single counterparts to advance in the organization. For example, the dads were less willing to relocate to advance their ca-
reer (dads 40% willing vs. single men 58% willing), were less likely to seek international assignments (dads 43% would seek
vs. single men 61% would seek), and much less likely to pursue advancement if it meant less time for their family / personal
life (dads 16% likely to pursue vs. single men 40% likely). But at the same time, fathers were less likely to judge their success
based on salary growth rate (67% dads vs. 81% single men) or in comparison to their peers (28% dads vs. 51% single men).
Perhaps most notable, Millennial fathers reported significantly higher levels of life satisfaction than their unmar-
ried male counterparts. As the chart below demonstrates, fathers scored significantly higher than the single men on
a range of important life satisfaction indicators including positive responses to statements such as “I’ve gotten the
important things I want in my life,” “My life conditions are excellent,” and “In most ways my life is close to my ideal.”
The difference between the two groups was highly significant and responses ranged between 20-40% more positive
for the fathers on these important questions. These results once again stress the tremendous impact that meaningful
family relationships have on an individuals overall sense of well-being.
III. What Changes When Millennial Men Become Dads
Life Satisfaction (comparing Dads and Single Men)
I am
with my
My life
is close
to my
My life
I’ve gotten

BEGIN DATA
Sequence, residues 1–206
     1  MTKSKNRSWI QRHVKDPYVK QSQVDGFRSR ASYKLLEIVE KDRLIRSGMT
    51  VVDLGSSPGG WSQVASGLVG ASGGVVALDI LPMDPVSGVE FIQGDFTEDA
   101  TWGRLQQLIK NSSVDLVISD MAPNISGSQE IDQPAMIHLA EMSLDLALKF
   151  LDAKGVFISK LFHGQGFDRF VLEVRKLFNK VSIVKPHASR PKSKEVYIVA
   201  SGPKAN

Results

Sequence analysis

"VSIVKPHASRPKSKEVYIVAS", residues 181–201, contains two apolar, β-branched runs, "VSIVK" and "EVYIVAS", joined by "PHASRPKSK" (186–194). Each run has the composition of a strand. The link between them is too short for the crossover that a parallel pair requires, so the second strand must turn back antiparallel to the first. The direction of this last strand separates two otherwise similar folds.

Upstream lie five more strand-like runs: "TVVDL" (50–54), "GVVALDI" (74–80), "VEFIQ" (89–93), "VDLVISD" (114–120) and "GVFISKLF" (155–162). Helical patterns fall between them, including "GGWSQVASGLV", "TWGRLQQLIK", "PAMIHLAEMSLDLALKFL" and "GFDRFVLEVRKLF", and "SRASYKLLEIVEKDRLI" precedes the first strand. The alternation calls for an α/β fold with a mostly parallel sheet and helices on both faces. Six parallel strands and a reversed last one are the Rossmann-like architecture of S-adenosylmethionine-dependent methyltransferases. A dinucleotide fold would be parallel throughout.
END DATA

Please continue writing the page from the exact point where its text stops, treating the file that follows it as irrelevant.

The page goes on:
0% 10% 20% 30% 40% 50% 60% 70% 80% 90% 100%
strongly agreeagree
As is the case for nearly all parents today (e.g. mothers and fathers, Baby Boomers, Generation X, Generation Y, etc.),
the struggle to achieve work-life balance or fit is a near constant. When discussing this challenge, it appears that Mil-
lennial fathers confront obstacles that reinforce the divide between their desires to be fully engaged fathers and the
realities they face juggling their work and family priorities. These challenges include:
The persistence of traditional gender expectations and norms
Their approach to career decision making
Their sensitivity to corporate cultural norms
Their belief in the ability to “have it all”
a. Traditional gender roles
Traditional gender expectations and norms continue to exert a strong influence on the experiences of Millennials, even
those who espouse the value of gender equality. A substantial divide persists between their espoused egalitarian ide-
als and their actual behavior. Among Millennial parents in our sample, childcare followed more traditionally gendered
patterns with 62% of men reporting they provided less care than their spouses and 40% of women reporting they
provided more than their spouse.
While the majority of Millennial dads believed in equally sharing childcare with their spouses, at the same time they
signaled in various ways that caring for their children was less of a priority than was the case for their female peers.
Nearly one-in-four dads maintained that the main reason for providing childcare was to help his partner rather than to
assume parental responsibility. For example, 62% of Millennial dads disagreed with the statement, “It is more my re-
sponsibility than my partner’s to care for our sick child.” Men more often portrayed themselves as helpers - or backup
- rather than primary care givers for their children.
IV. Challenges For Millennial Fathers
If child is sick, I have responsibility to care for him/ her
OK to be at home if partner made enough money for family
Uncomfortable if partner provided more care than me
More my responsibility than partners to care for sick child
Main reason for caregiving to help partner